Amid calls for ‘azadi’ in Kashmir, many don Indian Army uniform
As many as 308 recruits participated in a spectacular passing out parade to join the army’s Jammu and Kashmir Light Infantry (JAKLI) regiment even as curfew remained enforced outside.Updated: Aug 18, 2016, 18:18 IST
A group of Kashmiris donned the Indian Army uniform on Thursday to fight for the nation at a time when many youngsters in the Kashmir valley are violently protesting against security forces and renewed their calls for “freedom” from India.
As many as 308 recruits participated in a spectacular passing out parade to join the army’s Jammu and Kashmir Light Infantry (JAKLI) regiment even as curfew remained enforced outside. JAKLI exclusively recruits people from the state of J-K - including Jammu, Kashmir and Ladakh.
Of the 308 soldiers, 116 were from Kashmir valley and the Muslim-dominated areas of Jammu who took part in the rigorous 11-month training at the Rangreth centre just outside the boundary of Srinagar.
The passing out parade was organised at the Bana Singh Parade Ground in Rangreth and attended by Jammu and Kashmir governor NN Vohra and the General Officer Commanding (GOC) of Srinagar-based Chinar Corps, Lt General Satish Dua.
Dua said he was pleased that a new regiment of JAKLI has joined to work for the nation. “The regiment recruits jawans from J-K and brings together all the three religions - Hinduism, Islam and Sikhism - to bring laurels to their regiment and the nation,” he said.
The families of the young Kashmiri soldiers, who came to watch their children take salute, had to travel in the night to avoid the raging protests and stone-pelting youth during the day.
Kashmir has been in the grip of a violent unrest that was triggered by the death of Hizbul Mujahideen commander Burhan Wani. At least 65 people, mostly civilians, have been killed in clashes between protesters and security forces and the Valley has remained under curfew for the 41st day on Thursday.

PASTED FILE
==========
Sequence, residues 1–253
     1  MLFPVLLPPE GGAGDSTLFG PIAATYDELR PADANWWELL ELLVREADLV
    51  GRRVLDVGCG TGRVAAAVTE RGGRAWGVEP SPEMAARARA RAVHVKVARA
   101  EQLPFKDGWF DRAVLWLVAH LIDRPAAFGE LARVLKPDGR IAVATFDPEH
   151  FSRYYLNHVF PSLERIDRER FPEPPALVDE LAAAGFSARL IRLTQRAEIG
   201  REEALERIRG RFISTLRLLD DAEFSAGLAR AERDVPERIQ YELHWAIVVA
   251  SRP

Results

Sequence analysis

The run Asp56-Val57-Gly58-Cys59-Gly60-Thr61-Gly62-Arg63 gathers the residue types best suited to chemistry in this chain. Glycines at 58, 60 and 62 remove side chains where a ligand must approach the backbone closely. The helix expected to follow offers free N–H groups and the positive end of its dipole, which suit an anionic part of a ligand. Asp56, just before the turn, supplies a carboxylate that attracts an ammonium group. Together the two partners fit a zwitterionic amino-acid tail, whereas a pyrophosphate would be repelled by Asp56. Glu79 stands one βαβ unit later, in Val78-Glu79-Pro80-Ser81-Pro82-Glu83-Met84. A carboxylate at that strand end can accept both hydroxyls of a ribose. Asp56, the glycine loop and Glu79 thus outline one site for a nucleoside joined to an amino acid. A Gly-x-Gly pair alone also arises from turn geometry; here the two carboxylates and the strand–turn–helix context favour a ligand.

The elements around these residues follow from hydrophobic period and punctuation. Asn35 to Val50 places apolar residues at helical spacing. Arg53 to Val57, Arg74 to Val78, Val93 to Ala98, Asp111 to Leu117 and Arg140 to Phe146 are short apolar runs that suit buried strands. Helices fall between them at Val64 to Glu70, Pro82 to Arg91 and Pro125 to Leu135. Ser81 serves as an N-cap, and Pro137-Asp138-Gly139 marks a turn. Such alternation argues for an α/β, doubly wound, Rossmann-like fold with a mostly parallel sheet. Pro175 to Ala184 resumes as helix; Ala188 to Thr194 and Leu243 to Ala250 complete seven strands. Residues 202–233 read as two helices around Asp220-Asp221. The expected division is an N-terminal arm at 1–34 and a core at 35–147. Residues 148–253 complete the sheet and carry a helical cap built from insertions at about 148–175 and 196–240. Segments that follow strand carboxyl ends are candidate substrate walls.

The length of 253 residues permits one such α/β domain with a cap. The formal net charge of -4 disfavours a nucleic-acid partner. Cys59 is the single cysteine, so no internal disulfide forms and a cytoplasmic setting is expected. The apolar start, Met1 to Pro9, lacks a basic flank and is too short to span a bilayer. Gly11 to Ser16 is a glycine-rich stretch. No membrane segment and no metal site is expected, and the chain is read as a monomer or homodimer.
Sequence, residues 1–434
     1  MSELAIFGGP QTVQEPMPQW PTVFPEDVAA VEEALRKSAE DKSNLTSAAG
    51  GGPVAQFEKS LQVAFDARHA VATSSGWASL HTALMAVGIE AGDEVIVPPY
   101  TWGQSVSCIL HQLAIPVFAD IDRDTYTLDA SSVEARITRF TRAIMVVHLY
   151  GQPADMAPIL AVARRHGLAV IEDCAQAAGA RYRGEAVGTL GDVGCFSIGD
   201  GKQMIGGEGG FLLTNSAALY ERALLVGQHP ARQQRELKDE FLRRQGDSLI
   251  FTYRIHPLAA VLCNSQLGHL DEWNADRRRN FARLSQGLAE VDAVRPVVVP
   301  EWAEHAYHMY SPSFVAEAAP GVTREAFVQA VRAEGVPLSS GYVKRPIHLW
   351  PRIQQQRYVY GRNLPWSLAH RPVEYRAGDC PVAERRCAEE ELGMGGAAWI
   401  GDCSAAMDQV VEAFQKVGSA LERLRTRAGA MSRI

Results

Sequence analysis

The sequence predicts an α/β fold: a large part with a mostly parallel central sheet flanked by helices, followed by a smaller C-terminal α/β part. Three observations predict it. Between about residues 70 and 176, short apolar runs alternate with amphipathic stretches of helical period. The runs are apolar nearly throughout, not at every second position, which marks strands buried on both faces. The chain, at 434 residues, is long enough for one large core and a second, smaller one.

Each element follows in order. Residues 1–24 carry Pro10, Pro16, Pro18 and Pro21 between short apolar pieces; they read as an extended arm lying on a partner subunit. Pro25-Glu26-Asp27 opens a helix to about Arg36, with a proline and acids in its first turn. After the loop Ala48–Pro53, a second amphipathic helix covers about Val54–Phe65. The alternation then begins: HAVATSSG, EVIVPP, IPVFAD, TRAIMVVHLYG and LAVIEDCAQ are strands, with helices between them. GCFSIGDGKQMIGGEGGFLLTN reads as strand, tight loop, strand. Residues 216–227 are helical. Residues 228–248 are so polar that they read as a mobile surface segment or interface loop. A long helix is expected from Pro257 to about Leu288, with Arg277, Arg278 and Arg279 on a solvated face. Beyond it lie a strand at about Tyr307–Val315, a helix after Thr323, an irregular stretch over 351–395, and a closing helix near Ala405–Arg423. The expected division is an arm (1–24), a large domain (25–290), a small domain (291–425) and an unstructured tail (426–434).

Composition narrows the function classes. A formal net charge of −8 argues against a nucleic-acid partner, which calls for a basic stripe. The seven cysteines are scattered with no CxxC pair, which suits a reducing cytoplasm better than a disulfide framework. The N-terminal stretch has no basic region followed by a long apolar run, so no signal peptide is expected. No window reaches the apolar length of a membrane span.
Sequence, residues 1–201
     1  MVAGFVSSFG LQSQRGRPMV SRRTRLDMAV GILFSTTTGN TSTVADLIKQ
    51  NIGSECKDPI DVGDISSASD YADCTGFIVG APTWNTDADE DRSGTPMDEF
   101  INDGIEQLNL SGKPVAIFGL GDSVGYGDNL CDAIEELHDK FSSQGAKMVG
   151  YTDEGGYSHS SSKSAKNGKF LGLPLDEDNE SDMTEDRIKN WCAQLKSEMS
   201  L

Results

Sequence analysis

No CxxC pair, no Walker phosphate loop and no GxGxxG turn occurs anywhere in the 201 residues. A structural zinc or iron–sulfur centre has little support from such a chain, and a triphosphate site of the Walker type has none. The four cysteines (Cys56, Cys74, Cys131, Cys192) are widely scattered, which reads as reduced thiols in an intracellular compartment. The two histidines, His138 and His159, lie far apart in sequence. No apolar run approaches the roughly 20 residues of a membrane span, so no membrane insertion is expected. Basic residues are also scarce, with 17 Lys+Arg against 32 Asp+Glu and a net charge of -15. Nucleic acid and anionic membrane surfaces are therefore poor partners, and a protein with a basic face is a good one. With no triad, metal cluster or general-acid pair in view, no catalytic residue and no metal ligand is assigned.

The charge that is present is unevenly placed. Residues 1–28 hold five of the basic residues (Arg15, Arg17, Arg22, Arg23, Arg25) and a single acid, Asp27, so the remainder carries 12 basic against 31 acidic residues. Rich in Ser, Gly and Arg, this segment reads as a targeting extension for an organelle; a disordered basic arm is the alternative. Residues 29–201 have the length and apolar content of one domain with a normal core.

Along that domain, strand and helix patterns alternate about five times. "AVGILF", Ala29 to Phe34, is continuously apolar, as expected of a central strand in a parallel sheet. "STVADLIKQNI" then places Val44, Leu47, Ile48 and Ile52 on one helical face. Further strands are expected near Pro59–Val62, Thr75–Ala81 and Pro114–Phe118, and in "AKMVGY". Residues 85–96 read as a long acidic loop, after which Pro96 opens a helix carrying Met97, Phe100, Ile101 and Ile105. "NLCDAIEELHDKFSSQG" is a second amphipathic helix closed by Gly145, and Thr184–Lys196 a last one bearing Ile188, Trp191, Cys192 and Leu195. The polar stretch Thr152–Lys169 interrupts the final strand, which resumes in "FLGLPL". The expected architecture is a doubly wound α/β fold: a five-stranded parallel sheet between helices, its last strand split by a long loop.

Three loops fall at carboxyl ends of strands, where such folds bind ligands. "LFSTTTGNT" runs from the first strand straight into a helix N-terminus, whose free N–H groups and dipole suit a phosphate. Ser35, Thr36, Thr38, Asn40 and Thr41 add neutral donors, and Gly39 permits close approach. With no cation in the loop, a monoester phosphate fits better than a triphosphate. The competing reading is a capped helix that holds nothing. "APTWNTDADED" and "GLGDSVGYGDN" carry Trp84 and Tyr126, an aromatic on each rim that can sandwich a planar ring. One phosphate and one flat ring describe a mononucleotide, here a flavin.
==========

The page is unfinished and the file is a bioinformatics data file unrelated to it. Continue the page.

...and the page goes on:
Media-savvy Wani was the first militant leader to extensively use social media to lure educated youth into the fight for “independence of the disputed region”.
Most of the young recruits and their families from Kashmir avoided talking about their experiences and motives for joining the army.
When asked about his son and their decision to send him to the army, Ghulam, who he did not want to give his second name, avoided the question.
“The situation is very bad. It is not easy to talk,” Ghulam, a farmer from Anantnag district that has witnessed the maximum number of deaths in during the current unrest, said.
Nearby a middle-aged woman, who had come to cheer her cousin and belongs to the same district as Ghulam, said that not everybody was rich in Kashmir. “We are poor families. That is why we send our kids into the army. We know the sentiment among people (regarding army) is also not very favourable,” she said.
The dearth of jobs in the valley and the security of a government job at a young age are factors that are driving the Kashmiri youth to the army. This paradox – pro-freedom sentiment and aspiring for a government job – has been indicative of the dilemmas of an average person in the valley.
However, the recruits from Jammu were more vocal about their decision to join the army.
“My aim from childhood was to join the army as my father and grandfather have worked with the army,” Tanveer Ahmad from Rajouri, who was flanked by his father, mother and over 100-year-old grandfather, said.
Ask him about the azadi protests; he said, “Every individual works towards his own aspirations”. “I appeal to the youth of the valley to drop their stones and live peacefully. Many students are not able to study and many people are not able to earn,” he said.
A former engineering student has emerged as Wani’s successor, asking the people of Kashmir to continue the agitation till the region achieves its goal of “azadi”. An 8-minute video message by Zakir Rashid Bhat is being seen as confirmation of his elevation to the post once held by Wani, whose killing on July 8 sparked violent street protests in the Valley.
Bhat also asked the youth to shun recruitment drive for special police officers (SPOs) saying they will be used to “create another Ikhwan”, a counter-insurgency force formed in the mid-nineties that was accused of human rights violations.